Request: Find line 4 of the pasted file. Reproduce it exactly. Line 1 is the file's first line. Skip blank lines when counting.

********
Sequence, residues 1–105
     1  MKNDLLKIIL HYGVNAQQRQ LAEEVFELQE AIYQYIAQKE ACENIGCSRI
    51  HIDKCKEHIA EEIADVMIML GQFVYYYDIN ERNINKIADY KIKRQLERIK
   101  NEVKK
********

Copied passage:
   101  NEVKK